“Despite it [being a historically women’s college], I felt comfortable exploring my gender.”
When higher education started in the United States, all schools were divided into either men’s or women’s colleges. An institution didn’t award a bachelor’s degree to a woman until 1831, and for many decades after that, many schools weren’t co-ed simply because many thought it to be inappropriate.
Gender segregating schools started as a way to allow women in the US to receive an education in what was considered a “safe” environment, and while the education could be of significantly lower quality, these institutions provided women with a place to receive their education until 1972 (when co-education became mandatory in US public schools).
Almost 200 years after the first women’s college in America — Wesleyan, which is here in Georgia — opened its doors in 1836, there are still almost 30 schools in the US that are active women’s colleges (intentionally not co-ed), and many more that identify as “historically women’s colleges” (HWC), meaning that students who don’t identify as women are allowed to attend, it’s just more likely that the majority of the student population will be students who identify as women.
Many students choose to attend these schools because they offer safer spaces to women; without as many men on campus, every situation from a classroom discussion to an on-campus party can feel safer. But what is the HWC experience like for students who don’t identify as women? In a conversation with a trans masculine student, who requested anonymity and will be referred to with the pseudonym Robert, Georgia Voice got an inside look into the experience of being a trans man who attends a historically women’s college.
“Overall, I had a pretty good time,” Robert said about his undergraduate experience at Agnes Scott College, an HWC near Atlanta. “I was shocked by how welcoming the campus as a whole is. While there are some interpersonal and institutional things that can be fixed, I think that overall I had a good time.”
Robert, who didn’t yet know he was trans when he enrolled at Agnes Scott, said that the welcoming environment and progressive campus ideals — such as sharing pronouns as part of introductions, in emails, and on name tags — created a space where he was felt more comfortable exploring and expressing his gender identity during his time there.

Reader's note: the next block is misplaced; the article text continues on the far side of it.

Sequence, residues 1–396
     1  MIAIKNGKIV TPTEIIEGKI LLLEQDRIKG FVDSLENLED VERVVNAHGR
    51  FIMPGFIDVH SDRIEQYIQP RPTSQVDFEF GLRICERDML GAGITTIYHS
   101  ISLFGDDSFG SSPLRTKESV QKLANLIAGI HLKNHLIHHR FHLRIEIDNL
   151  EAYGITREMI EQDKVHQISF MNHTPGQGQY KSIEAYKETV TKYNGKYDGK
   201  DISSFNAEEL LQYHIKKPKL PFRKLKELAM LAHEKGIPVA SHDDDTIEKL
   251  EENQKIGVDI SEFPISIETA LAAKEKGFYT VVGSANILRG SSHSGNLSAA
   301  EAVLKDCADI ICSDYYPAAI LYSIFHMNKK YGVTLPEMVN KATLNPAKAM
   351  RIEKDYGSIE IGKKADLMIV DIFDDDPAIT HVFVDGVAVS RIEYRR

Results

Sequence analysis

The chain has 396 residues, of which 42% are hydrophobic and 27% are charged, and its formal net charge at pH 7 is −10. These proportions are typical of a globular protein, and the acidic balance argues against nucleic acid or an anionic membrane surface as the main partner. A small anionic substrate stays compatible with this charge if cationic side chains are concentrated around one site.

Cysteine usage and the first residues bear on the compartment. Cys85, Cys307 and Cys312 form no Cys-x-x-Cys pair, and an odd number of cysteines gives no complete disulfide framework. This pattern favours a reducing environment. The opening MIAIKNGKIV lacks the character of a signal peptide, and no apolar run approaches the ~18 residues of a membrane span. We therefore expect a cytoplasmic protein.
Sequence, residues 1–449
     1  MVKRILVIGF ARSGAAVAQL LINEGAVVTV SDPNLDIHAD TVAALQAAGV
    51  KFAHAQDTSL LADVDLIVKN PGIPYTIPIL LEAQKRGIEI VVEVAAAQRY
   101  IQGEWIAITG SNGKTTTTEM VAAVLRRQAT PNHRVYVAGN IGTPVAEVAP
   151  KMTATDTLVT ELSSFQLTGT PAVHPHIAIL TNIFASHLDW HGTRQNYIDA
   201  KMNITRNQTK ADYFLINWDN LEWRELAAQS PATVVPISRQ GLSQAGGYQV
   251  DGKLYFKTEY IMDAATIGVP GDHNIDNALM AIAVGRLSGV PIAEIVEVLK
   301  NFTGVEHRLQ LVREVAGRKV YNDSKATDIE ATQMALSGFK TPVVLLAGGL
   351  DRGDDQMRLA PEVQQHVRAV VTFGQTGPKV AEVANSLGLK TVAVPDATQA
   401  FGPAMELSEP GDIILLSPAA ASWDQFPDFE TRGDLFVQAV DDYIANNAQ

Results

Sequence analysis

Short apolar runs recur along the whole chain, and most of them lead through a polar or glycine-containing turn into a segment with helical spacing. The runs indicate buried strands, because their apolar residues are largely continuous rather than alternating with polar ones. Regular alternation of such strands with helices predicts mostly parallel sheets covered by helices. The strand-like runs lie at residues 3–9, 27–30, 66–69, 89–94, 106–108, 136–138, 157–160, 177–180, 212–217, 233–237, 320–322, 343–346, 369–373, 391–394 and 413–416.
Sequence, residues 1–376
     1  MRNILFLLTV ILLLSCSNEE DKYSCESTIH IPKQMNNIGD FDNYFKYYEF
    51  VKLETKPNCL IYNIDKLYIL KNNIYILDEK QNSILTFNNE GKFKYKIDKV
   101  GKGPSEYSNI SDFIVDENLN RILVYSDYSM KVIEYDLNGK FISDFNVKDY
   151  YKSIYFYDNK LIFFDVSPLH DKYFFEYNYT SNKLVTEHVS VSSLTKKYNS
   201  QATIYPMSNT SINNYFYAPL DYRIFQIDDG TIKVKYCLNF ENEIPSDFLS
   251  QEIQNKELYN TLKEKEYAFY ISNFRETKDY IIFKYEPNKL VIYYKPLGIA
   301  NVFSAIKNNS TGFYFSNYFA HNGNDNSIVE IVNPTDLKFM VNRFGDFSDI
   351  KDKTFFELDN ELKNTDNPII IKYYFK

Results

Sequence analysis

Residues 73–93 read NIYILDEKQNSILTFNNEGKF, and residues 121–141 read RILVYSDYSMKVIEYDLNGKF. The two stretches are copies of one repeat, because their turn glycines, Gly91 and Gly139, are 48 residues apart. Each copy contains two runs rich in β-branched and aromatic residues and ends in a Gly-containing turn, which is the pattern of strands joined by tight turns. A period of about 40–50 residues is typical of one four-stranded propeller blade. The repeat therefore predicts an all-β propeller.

Upon seeing that the school was an HWC, Robert said that his initial reaction was to “scroll past” the school during his search for possible undergrad institutions, but the school’s reputation for being progressive and welcoming towards trans students piqued his interest.
Robert says that while HWC’s are becoming more welcoming to trans students overall, the environment that he experienced at Agnes Scott College could act as a model for other HWCs as they create campuses that are inclusive to students of all gender identities. Robert does also acknowledge that there are institutional changes that can be made to make the school more inclusive. One example he offered was in regard to his experience in the campus chorus.
The pieces picked for the choir have historically only included alto and soprano parts, which are within the vocal range of the typical cisgender woman. Robert said that he did find that isolating at times, having experiences with having to find or even write his own parts to fit his lower-pitched voice.
“I oftentimes felt that I was either the center of attention or an afterthought,” he said.
While his professors tried to find ways to make the environment more welcoming, he said that campus activities that have been catered only towards cisgender and women-identifying students for decades have institutional structures that need to be addressed to make them more inclusive towards trans-masculine students in particular.
Robert also noted that he can only reflect on his experience and that his feelings towards his college years may not be shared by all trans students at Agnes Scott or other HWCs. That being said, he said that he is grateful for his undergraduate experience and that some of the issues or negative experiences he had at the school had nothing to do with his gender identity.
Robert said that after he came out, not only did he still feel welcomed on campus and as part of the student body — he had previously worried about being asked to leave the school — he said that the school also offered him resources on finding hormone therapy to begin his transition.
“I could not imagine my gender experience anywhere else.”